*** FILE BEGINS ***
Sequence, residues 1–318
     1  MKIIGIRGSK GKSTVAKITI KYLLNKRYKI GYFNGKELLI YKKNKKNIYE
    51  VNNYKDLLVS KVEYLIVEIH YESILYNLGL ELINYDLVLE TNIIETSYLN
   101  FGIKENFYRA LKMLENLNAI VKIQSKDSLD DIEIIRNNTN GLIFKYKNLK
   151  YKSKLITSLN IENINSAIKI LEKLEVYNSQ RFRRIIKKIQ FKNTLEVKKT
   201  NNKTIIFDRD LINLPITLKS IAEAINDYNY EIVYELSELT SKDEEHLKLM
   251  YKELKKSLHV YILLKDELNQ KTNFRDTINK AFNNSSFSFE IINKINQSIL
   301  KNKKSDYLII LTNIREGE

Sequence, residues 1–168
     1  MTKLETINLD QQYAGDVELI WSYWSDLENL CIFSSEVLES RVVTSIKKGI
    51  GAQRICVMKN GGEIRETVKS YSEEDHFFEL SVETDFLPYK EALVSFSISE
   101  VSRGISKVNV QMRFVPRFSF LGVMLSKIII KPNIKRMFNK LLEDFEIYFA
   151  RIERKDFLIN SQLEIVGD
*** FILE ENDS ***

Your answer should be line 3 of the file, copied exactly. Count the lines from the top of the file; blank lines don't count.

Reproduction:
    51  VNNYKDLLVS KVEYLIVEIH YESILYNLGL ELINYDLVLE TNIIETSYLN